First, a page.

struck me as being remarkably similar to the Muskegon site and became a springboard for the dance. Aquatic ecologist and artist Sara Adlerstein, whose painting Schwush inspires some of the visual design, has been interested in the question of what influences our perceptions of beauty in a landscape, and it was her question that initially led me into the wind. Wind is one of the oldest sources of energy used by humans, and today there are rapidly evolving technologies for harnessing its power. The installations of wind farms in communities have been fraught with divisive arguments for and against these developments, with many protesting the visual aesthetic of the turbines. The choices are ours to make. Which way is the wind blowing?

— Jessica Fogel, choreographer

Choreography by Sandra Torijano
Scenic & Costume Design by Jeff Bauer
Lighting Design by Mary Cole
Scenic Design inspired by a painting by Arianne Garnier
Assistants to the Choreographer: Lena Oren, Eryn Rosenthal
Music Compilation & Editing by Carolina Heredia
Music by Eddie Mora, Ingram Marshal, Rene’ Aubry, Terry Devine-King,
Paul Motram, Philip Glass, Angela Dubeau and La Pieta.
Poem by Mario Benedetti

Dancers:
CJ Burroughs, Luna Lemus-Bromley, Beynji Marsh, Selena Moeljadi, Jimi Nguyen, Kasia Reilly, Meredith Ziegelmeyer

Sections:
I. Elegy II. Exile III. Sacred Altar IV. Hope

Choreographer’s Note:
Uruguayan writer Mario Benedetti asks: “Where is my country?” (from a poem
with the same title). He wanders in his imagination… with many questions about what constitutes his place of being and where his country or home might be. He speaks of exile and hope for finding that place of unity and wholeness: “Is it below the cloud? “Over the gods?” “From this side of the wind?” My choreography Travesía del Papalote (Kite’s Crossing) explores these ideas.

The “kite,” in flight yearns for freedom and gives us hope to rise above… the kite that unifies our human condition, the dreams and the solidarity as an act of faith. The ideas sail, cross, suspend, land, their sorrows purified. The kite fills the soul with liberty and its sensitive gestures as it waves to us below, nurtures our aspirations, and gives peace with an Elegy as a lament for a special friend. In remembrance of William.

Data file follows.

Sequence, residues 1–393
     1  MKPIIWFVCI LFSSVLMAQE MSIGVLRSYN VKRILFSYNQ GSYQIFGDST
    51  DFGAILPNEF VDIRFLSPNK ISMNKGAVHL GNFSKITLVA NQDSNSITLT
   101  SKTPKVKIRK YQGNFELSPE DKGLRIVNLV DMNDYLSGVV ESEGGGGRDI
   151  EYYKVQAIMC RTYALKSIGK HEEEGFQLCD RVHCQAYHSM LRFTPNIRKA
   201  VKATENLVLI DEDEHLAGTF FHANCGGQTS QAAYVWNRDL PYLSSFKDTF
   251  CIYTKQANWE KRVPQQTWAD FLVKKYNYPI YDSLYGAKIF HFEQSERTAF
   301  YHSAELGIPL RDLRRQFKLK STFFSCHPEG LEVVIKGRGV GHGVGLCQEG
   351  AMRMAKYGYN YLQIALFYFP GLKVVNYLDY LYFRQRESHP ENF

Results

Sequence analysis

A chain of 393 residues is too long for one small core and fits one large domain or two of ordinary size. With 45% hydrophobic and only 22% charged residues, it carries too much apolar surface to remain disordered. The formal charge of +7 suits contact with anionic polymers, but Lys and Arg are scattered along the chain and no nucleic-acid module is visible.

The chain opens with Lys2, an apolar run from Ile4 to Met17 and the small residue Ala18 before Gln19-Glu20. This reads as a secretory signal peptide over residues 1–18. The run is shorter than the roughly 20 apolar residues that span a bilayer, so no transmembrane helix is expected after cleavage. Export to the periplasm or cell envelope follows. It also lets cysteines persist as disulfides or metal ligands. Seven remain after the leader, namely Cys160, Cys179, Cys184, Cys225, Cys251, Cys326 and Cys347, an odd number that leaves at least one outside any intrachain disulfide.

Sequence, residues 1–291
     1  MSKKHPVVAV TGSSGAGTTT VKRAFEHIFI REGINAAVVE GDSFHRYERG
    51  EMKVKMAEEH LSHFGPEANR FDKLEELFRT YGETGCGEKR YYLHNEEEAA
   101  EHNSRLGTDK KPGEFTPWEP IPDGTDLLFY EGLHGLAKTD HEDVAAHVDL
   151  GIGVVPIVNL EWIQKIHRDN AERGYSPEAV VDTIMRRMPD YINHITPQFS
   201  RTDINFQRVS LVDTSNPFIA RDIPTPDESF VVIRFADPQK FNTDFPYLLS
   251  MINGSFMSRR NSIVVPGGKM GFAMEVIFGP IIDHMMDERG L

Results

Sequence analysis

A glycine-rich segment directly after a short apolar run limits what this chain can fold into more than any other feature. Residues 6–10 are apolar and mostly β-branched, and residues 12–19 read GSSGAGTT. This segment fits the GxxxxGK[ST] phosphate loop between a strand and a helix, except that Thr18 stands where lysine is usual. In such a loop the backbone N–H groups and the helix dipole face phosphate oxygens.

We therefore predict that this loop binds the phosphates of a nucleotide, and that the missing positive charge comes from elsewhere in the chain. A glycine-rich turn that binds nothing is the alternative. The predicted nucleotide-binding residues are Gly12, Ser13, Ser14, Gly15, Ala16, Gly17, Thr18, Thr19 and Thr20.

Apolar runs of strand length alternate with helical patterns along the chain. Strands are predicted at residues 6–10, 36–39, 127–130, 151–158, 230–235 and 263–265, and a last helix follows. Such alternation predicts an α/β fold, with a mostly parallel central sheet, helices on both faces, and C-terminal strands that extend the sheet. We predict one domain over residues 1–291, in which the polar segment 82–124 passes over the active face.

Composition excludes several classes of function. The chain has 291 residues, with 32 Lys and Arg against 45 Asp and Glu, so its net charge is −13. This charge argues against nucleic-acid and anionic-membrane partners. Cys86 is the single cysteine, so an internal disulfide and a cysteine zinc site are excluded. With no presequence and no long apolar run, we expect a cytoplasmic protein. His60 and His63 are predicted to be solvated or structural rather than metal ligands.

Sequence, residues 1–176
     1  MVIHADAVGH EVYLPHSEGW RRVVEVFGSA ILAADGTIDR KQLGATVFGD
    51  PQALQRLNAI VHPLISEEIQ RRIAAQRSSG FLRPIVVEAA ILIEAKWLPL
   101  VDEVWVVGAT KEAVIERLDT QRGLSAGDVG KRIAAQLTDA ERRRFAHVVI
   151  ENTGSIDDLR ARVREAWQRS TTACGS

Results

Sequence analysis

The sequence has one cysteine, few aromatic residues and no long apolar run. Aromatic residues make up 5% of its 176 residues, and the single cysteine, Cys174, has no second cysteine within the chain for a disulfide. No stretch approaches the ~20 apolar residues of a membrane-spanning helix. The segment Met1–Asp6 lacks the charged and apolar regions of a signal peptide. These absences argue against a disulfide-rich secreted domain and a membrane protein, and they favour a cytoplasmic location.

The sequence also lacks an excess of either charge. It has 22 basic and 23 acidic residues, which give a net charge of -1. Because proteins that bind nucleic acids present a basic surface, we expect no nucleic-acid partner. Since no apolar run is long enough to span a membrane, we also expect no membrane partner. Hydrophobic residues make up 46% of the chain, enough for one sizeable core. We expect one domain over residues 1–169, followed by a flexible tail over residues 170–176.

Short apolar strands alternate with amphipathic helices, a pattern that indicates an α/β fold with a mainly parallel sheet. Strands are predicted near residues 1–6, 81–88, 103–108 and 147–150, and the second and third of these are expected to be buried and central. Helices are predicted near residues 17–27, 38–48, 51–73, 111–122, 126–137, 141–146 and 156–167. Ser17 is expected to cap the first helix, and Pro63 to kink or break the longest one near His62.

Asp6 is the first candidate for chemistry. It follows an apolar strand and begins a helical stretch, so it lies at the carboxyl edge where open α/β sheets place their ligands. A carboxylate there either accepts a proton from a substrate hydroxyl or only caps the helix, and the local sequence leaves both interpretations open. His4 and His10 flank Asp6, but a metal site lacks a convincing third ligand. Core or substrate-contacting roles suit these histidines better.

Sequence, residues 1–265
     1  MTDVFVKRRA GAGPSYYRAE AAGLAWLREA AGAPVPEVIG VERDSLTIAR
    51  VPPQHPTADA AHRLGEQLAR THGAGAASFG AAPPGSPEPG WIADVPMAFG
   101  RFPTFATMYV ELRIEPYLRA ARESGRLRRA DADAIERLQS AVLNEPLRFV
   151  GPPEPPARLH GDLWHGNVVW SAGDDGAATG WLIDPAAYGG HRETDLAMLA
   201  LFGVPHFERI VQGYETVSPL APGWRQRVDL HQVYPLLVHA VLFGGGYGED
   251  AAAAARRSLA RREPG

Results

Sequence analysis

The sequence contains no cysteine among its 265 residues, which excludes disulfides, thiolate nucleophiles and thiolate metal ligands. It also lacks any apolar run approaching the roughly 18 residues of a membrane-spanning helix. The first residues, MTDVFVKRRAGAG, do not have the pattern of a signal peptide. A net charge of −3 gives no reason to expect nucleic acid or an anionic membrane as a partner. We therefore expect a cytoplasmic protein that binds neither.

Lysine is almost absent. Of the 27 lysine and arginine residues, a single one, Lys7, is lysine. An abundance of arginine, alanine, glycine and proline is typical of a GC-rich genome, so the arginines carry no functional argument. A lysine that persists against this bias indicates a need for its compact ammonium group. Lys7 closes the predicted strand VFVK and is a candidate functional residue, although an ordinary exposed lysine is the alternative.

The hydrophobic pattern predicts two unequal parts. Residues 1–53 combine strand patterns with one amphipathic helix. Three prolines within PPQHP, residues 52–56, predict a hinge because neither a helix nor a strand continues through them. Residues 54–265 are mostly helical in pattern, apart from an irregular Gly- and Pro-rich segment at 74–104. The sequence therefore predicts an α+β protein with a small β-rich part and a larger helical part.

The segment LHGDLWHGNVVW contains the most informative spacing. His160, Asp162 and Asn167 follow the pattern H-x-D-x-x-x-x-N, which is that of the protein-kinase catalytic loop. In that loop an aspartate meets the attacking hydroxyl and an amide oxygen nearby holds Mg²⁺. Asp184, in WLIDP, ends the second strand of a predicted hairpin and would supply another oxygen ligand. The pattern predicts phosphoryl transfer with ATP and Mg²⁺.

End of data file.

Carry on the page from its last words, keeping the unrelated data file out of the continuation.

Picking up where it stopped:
Choreography by Robin Wilson
Scenic & Costume Design by Jeff Bauer
Lighting Design by Mary Cole
Sound Design & Editing by Eric Sheffield
Music from Carolina Chocolate Drops, Luminescent Orchestrii, Regina Carter, DM Stith

Dancers:
Spirits: Anthony Alterio, Hillary Kooistra, Mackenzie Larrance, Catherine ‘Caty’ Raupp, Honora Wood
Villagers: Claire Crause, Maeve McEwen, Paula Modafferi, Riley O’Donnell

Sections
I. At Midnight II. Sunrise III. Another Man Done Gone IV. Sentinels V. Sunset

Choreographer’s Note:
Throughout the Carolinas and the Deep South, one can still find “bottle trees” in
the yards of African-American families. Often cobalt blue, the bottles dangle from tree branches – to confuse and capture “lost” spirits or “haints,” who might otherwise enter the homes of the living. Some people can sense their presence, as these disembodied spirits roam about, watching and waiting, inhabiting dreams or whispering and prodding us to go this way or that. Others feel almost nothing, save the occasional inkling as these lost souls reach out, cajole, and even encourage. The spirits captured by the bottle tree all have stories to tell. These are but a few.

First performed by the Richard Alston Dance Company at the The Gardner Arts Centre, Brighton, England, on Oct. 22, 1997

Choreography by Richard Alston, CBE
Restager: Martin Lawrance
Co-Restager: Francesa Romo
Lighting Design by Charles Balfour re-created by Mary Cole
Costumes by Jeanne Spaziani re-created by Laura Brinker
Rehearsal Director: Judy Rice
Co-Rehearsal Director: Jillian Hopper
Music: Excerpts from Les Boréades (1769) by Jean-Philippe Rameau

Dancers:
Thursday/Friday/Saturday: CJ Burroughs, Michael Erickson, Emma Fath, Yoshiko Iwai, Wonza Johnson, Luna Lemus-Bromley, Maeve McEwen, Riley O’Donnell, Michael Parmelee, Ambika Raina, Kasia Reilly
Sunday: Meri Bobber, Michael Erickson, Danielle Fattore, Chloe Gonzales, Wonza Johnson, Hillary Kooistra, R. Sumi Matsumoto, Maeve McEwen, Michael Parmelee, Soultana Schiavi, Meredith Ziegelmeyer